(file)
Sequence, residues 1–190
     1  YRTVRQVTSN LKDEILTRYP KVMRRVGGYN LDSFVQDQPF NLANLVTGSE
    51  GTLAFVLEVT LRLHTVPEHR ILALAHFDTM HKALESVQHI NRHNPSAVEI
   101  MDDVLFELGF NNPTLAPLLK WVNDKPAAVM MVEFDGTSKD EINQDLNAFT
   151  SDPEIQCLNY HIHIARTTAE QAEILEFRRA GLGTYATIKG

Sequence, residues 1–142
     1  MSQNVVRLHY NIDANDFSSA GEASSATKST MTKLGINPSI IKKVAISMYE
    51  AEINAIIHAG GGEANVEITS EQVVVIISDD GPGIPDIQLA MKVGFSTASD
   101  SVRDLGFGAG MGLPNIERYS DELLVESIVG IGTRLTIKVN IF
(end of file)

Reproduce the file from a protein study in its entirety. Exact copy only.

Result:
Sequence, residues 1–190
     1  YRTVRQVTSN LKDEILTRYP KVMRRVGGYN LDSFVQDQPF NLANLVTGSE
    51  GTLAFVLEVT LRLHTVPEHR ILALAHFDTM HKALESVQHI NRHNPSAVEI
   101  MDDVLFELGF NNPTLAPLLK WVNDKPAAVM MVEFDGTSKD EINQDLNAFT
   151  SDPEIQCLNY HIHIARTTAE QAEILEFRRA GLGTYATIKG

Sequence, residues 1–142
     1  MSQNVVRLHY NIDANDFSSA GEASSATKST MTKLGINPSI IKKVAISMYE
    51  AEINAIIHAG GGEANVEITS EQVVVIISDD GPGIPDIQLA MKVGFSTASD
   101  SVRDLGFGAG MGLPNIERYS DELLVESIVG IGTRLTIKVN IF